Yammer -- perhaps the most well-known of enterprise microblogging tools -- is driving CIOs crazy.
I'm not referring here to Yammer's now famous "freemium" approach of getting your colleagues hooked on a free version and then upselling a more enterprisey edition. The real problem is this: employees signing up by virtue of having an enterprise email address believe that the free version of Yammer is an enterprise-sanctioned and perhaps even enterprise-managed solution.
This is of course a complete delusion, albeit a totally understandable one.
As subscribers to our Enterprise Collaboration and Social Software research know, Yammer's free version is a legal conundrum for the typical large enterprise. In discussions with senior leaders from among our enterprise subscribers, a recurrent theme has emerged about the constant efforts they must take to educate colleagues about the platform.
Savvier enterprises whose employees have taken to the free version emphasize that their public social media policies apply to Yammer, rather than their internal collaboration policies. That means, for example, that you shouldn't share sensitive data or documents via that channel. Busy employees may not always ingest that message. And at a time when many industry gurus don't recognize the difference between external social media and internal social networking, you can understand why some of your employees may not grasp the nuances either.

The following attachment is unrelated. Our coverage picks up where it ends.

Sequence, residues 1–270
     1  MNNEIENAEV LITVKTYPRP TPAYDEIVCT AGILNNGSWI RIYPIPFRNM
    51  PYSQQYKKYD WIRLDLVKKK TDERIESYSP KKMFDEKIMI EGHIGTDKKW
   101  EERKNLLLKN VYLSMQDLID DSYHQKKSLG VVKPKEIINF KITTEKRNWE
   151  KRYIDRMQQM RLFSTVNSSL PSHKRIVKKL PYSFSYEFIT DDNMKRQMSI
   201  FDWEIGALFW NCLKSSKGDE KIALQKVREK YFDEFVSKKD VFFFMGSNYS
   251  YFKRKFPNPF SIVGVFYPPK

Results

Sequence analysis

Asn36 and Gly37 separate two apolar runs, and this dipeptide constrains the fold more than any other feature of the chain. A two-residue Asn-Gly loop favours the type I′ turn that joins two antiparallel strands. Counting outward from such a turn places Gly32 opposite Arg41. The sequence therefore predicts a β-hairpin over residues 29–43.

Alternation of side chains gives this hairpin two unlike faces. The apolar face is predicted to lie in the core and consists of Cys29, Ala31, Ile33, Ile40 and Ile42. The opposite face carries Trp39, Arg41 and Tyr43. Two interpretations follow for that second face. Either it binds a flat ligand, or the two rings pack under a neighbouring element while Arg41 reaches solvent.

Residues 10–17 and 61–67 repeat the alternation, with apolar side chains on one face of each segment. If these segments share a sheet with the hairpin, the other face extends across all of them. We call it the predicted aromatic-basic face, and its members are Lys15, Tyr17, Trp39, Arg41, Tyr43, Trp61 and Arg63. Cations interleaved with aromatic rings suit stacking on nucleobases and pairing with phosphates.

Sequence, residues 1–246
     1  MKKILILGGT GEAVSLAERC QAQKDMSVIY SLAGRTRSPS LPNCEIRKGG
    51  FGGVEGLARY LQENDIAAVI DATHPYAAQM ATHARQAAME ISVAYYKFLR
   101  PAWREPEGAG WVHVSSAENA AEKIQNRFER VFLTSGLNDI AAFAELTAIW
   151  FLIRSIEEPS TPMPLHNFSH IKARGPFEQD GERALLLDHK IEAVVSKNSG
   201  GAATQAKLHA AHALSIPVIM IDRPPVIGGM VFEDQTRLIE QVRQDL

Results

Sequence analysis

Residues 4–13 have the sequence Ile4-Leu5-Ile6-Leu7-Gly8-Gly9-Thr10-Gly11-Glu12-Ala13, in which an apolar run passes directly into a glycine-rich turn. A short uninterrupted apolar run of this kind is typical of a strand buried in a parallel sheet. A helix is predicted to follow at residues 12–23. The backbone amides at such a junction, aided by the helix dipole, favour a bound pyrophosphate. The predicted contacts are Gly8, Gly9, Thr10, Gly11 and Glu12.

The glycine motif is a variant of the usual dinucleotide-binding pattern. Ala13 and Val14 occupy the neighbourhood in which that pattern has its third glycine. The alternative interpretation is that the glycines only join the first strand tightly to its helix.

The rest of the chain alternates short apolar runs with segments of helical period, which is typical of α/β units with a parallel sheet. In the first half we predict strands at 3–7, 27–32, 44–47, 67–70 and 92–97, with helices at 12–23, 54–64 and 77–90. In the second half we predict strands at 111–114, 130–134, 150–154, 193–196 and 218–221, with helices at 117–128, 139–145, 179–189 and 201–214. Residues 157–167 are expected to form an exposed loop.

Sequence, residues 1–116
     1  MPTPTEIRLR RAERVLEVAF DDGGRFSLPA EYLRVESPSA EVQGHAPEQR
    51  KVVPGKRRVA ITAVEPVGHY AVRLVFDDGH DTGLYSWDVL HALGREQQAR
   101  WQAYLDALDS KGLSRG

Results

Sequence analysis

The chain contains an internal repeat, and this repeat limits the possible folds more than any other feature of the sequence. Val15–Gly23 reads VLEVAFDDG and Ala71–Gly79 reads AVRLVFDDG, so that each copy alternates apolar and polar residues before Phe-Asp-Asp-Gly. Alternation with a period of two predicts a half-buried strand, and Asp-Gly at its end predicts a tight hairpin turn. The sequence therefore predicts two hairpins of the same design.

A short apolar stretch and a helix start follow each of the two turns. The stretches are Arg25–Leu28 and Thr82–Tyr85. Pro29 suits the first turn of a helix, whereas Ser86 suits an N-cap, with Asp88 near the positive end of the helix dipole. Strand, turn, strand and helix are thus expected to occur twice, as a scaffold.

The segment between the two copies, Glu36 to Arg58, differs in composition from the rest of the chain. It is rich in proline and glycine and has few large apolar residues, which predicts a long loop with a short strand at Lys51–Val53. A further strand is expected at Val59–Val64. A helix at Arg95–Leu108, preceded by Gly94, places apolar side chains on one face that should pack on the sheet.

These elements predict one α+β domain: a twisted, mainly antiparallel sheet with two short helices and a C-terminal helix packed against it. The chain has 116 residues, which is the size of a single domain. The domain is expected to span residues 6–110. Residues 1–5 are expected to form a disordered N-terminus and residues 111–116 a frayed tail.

At the same time, we don't counsel our subscribers to kill off Yammer eruptions either. Enterprise social networking is hard enough to nurture without suffocating it in the crib. (On the other hand many Yammer experiments end up suffocating on their own for some very specific reasons, but that's another story...)
You need to understand the implications of the free version, and do what you can and should do to mitigate risks until you come up with a sanctioned, supported alternative. That alternative might well include licensing the paid version of Yammer, though in the event, you'll want to review your agreement very closely, since like many cloud providers, Yammer's enterprise edition SLA isn't so hot either.
Other collaboration and social computing providers are watching the Yammer model closely. The more free services the get targeted at enterprise employees, the more you need to educate about acceptable use. Better yet, devise a roadmap to get out in front of those needs. Let us know if we can help.